In his speech on Monday, Hezbollah Secretary General Sayyed Hassan Nasrallah denounced the bombing that took place inside a mosque in Kunduz province a few days ago in Afghanistan.
He stressed that the perpetrator is “Daesh, the Wahhabi terrorist organization”, allocating the responsibility of the attack to the US given that it previously transferred Daesh members from Iraq to Afghanistan.
Nasrallah said that “Daesh job today is to create a state of internal turmoil that would lead to a civil war in Afghanistan”, emphasizing the responsibility of Afghan authorities to protect its citizens regardless of their color or sect.
Nasrallah also addressed the electricity crisis in Lebanon, revealing that multiple offers have been made from Eastern and Western states to solve the local problem.
Furthermore, he stressed the need to respond to the proposal made by Iranian Foreign Minister Hossein Amir Abdollahian, which hinged on building two electric power plants in Lebanon, thus largely alleviating the country from the current power outages.
The Secretary-General also demanded the Lebanese Government to prioritize dealing with the electricity crisis by placing it at the top of its agenda in its next session, wondering along the way about the existence of a US veto obstructing the solving of this issue on the internal level.
This attempt by the US would ease the privatization of the energy sector once it collapses.
To counter this sabotaging, he called on the Lebanese government to request an exception from the US, adding, “Let’s allow the Lebanese companies to buy diesel from Iran, as we will subsequently offer them facilitations before completely withdrawing from this issue.”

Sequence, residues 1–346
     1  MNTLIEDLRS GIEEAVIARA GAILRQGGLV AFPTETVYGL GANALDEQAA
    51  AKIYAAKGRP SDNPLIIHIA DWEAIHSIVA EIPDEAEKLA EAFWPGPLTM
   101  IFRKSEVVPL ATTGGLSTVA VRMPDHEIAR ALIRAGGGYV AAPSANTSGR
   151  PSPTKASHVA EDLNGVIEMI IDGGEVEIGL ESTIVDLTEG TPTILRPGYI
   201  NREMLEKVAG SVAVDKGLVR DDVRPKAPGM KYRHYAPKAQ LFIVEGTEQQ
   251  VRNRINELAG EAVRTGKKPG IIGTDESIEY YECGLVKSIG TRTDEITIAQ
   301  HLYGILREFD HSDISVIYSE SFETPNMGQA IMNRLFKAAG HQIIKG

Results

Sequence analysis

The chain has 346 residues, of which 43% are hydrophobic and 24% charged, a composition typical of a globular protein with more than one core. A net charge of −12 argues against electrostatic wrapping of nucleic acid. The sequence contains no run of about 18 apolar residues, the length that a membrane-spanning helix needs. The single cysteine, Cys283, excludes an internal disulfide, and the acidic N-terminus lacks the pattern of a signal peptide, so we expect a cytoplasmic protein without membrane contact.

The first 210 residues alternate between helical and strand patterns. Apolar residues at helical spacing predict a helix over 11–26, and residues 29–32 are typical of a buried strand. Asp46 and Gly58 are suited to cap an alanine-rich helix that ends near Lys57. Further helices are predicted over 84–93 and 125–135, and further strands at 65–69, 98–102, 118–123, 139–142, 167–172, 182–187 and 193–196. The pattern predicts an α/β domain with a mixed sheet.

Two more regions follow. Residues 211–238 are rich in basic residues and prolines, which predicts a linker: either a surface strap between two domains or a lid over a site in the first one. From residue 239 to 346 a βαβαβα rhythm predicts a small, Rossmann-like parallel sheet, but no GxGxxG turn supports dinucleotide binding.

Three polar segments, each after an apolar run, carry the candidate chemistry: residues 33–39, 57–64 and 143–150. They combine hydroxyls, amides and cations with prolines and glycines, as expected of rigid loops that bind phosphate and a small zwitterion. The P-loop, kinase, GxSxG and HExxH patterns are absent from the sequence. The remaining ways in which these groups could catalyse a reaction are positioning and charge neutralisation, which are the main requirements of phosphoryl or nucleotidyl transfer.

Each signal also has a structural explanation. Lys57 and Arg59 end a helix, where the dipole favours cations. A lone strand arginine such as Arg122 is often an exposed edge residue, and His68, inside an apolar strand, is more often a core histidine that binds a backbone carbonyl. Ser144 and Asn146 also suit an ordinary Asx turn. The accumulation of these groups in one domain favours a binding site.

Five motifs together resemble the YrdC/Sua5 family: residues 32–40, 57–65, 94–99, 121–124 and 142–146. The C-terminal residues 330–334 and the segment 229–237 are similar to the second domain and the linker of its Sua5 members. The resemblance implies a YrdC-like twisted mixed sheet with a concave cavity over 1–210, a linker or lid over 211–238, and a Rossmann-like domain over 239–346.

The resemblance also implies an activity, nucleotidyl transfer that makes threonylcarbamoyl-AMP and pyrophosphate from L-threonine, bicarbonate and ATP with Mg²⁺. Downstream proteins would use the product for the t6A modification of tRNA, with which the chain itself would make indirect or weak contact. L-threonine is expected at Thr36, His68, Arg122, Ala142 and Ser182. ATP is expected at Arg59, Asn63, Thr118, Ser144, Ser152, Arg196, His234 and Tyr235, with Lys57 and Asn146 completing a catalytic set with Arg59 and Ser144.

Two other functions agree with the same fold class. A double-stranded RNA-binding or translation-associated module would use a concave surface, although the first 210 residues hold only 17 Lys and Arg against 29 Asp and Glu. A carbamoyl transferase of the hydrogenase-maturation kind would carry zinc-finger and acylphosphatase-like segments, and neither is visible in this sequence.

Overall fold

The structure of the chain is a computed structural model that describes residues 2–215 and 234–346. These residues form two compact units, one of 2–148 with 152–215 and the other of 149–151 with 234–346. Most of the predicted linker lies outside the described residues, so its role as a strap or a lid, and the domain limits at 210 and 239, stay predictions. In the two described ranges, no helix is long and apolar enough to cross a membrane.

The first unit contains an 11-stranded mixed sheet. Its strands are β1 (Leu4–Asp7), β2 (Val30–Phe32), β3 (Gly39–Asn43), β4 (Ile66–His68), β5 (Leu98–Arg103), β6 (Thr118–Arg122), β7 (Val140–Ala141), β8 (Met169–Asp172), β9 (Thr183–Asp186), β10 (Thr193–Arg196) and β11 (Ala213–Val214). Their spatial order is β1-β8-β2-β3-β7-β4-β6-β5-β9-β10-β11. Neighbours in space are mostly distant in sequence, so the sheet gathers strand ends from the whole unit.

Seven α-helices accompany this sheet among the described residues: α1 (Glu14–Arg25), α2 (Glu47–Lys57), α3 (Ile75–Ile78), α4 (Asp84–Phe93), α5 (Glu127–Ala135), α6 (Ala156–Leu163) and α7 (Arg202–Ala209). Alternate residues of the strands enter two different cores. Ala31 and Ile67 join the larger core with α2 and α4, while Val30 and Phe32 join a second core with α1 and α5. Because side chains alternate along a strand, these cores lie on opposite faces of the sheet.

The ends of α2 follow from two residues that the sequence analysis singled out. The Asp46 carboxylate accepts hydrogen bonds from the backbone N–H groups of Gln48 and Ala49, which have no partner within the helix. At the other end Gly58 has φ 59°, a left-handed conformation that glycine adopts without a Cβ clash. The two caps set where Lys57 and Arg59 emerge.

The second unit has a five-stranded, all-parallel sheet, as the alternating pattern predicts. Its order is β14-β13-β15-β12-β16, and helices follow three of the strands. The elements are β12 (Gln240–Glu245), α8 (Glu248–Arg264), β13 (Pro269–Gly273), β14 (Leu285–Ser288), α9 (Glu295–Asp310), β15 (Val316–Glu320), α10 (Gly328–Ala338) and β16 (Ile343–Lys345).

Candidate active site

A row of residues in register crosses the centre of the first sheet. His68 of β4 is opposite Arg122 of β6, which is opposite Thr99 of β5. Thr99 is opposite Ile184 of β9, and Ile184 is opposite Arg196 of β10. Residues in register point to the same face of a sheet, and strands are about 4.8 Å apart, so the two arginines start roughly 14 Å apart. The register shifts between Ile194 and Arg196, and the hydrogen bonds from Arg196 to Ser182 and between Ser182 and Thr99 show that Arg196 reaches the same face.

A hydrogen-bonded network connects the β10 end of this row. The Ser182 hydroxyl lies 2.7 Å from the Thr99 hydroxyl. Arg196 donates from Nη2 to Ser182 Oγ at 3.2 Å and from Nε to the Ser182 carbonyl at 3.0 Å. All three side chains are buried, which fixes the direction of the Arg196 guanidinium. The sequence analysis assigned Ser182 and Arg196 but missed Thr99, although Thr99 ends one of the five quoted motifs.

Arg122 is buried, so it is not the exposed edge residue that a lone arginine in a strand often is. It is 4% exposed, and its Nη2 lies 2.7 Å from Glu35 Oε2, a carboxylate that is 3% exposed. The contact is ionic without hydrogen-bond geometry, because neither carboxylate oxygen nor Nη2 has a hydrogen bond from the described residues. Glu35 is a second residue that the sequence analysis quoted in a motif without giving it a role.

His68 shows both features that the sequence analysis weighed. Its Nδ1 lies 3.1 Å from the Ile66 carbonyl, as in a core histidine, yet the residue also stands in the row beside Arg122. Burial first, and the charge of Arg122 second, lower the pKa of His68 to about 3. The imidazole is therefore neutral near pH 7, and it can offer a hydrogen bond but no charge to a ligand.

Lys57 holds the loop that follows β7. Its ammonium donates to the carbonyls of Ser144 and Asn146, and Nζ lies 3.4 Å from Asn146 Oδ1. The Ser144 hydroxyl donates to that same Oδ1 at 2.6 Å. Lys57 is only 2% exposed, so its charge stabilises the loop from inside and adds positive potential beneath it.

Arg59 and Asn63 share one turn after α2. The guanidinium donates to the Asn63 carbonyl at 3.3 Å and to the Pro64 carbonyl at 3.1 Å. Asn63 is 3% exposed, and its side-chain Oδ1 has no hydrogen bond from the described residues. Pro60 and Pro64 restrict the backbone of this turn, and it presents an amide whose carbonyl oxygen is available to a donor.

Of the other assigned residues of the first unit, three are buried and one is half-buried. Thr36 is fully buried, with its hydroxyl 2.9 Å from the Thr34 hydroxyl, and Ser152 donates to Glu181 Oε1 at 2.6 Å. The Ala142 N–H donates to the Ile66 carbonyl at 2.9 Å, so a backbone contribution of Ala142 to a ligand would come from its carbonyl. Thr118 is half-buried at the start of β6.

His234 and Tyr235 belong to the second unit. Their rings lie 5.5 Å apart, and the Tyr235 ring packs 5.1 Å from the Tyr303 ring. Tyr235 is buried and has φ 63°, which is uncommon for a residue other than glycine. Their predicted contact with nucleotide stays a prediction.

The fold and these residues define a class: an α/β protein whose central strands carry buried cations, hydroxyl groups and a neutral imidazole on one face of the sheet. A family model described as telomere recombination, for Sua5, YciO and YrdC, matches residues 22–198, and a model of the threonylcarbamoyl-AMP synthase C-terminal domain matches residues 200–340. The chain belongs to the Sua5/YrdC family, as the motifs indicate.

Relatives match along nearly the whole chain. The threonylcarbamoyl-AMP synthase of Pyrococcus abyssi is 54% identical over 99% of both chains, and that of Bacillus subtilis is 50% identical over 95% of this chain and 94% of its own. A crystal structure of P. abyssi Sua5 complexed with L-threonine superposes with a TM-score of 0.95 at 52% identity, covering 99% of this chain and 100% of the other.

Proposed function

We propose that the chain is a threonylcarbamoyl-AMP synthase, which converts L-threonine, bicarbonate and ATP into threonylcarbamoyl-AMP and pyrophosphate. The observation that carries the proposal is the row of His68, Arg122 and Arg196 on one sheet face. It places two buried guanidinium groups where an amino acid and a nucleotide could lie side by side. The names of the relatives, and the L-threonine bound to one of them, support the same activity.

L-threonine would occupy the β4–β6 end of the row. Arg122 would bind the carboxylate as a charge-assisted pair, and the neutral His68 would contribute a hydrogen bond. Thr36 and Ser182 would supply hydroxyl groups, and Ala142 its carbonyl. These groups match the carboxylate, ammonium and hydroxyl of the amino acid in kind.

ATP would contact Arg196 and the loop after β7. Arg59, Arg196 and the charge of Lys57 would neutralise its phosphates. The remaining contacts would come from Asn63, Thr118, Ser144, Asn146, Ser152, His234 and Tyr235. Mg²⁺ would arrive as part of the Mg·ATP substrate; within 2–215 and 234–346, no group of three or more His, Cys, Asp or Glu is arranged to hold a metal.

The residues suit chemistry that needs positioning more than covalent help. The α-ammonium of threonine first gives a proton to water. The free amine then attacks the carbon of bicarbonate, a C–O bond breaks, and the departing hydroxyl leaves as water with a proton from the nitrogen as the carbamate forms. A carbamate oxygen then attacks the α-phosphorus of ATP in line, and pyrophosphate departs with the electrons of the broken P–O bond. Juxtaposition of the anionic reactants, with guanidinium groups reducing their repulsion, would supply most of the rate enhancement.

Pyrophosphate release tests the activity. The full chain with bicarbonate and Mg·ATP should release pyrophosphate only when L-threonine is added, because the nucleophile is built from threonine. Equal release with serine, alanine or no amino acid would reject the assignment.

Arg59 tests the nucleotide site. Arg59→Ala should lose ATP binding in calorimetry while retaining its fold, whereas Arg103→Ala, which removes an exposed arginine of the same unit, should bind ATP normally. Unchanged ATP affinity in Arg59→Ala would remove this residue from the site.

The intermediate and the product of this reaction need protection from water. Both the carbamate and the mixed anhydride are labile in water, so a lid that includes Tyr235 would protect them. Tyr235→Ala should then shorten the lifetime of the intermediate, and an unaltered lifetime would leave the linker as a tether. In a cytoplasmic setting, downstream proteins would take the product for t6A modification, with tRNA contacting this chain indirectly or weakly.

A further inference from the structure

Nasrallah also touched on the subject of the Beirut Port investigation, stating that the current judge handling the case, Tariq Bitar, is exploiting the victims’ blood in service of political goals as he continues the path set by his predecessor.
Countering doubt about Hezbollah’s commitment to the search for the truth, he asserted the party’s unwillingness to abandon the investigation, notably as it was scathed on the moral, political and reputational level by the Beirut Port explosion.
The Secretary-General wondered how the judge has not yet concluded who the importer of the nitrate was, viewing his approach to the investigation as erroneous and one that will not lead to the truth. He called on assigning an “honest judge” to lead the investigation.
Nasrallah also made an appeal to the Supreme Judicial Council, decrying the unlawful practices of Bitar and suggesting that the government solve this issue in case the Council remains idle towards this issue.